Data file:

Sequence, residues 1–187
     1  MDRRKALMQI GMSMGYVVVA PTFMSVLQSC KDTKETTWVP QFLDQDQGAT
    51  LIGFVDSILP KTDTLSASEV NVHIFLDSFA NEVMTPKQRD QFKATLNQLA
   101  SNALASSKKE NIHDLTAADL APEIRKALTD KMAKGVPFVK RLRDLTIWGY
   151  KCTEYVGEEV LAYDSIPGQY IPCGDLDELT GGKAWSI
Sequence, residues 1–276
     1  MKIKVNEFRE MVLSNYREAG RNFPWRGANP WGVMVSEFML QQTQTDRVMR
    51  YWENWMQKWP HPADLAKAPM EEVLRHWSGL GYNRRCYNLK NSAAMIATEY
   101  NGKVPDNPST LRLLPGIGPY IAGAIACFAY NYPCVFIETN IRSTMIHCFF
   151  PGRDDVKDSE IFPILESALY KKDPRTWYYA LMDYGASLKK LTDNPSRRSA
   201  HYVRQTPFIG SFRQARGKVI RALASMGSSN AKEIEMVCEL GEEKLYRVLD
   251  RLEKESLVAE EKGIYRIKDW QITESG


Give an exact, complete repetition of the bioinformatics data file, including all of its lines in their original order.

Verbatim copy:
Sequence, residues 1–187
     1  MDRRKALMQI GMSMGYVVVA PTFMSVLQSC KDTKETTWVP QFLDQDQGAT
    51  LIGFVDSILP KTDTLSASEV NVHIFLDSFA NEVMTPKQRD QFKATLNQLA
   101  SNALASSKKE NIHDLTAADL APEIRKALTD KMAKGVPFVK RLRDLTIWGY
   151  KCTEYVGEEV LAYDSIPGQY IPCGDLDELT GGKAWSI
Sequence, residues 1–276
     1  MKIKVNEFRE MVLSNYREAG RNFPWRGANP WGVMVSEFML QQTQTDRVMR
    51  YWENWMQKWP HPADLAKAPM EEVLRHWSGL GYNRRCYNLK NSAAMIATEY
   101  NGKVPDNPST LRLLPGIGPY IAGAIACFAY NYPCVFIETN IRSTMIHCFF
   151  PGRDDVKDSE IFPILESALY KKDPRTWYYA LMDYGASLKK LTDNPSRRSA
   201  HYVRQTPFIG SFRQARGKVI RALASMGSSN AKEIEMVCEL GEEKLYRVLD
   251  RLEKESLVAE EKGIYRIKDW QITESG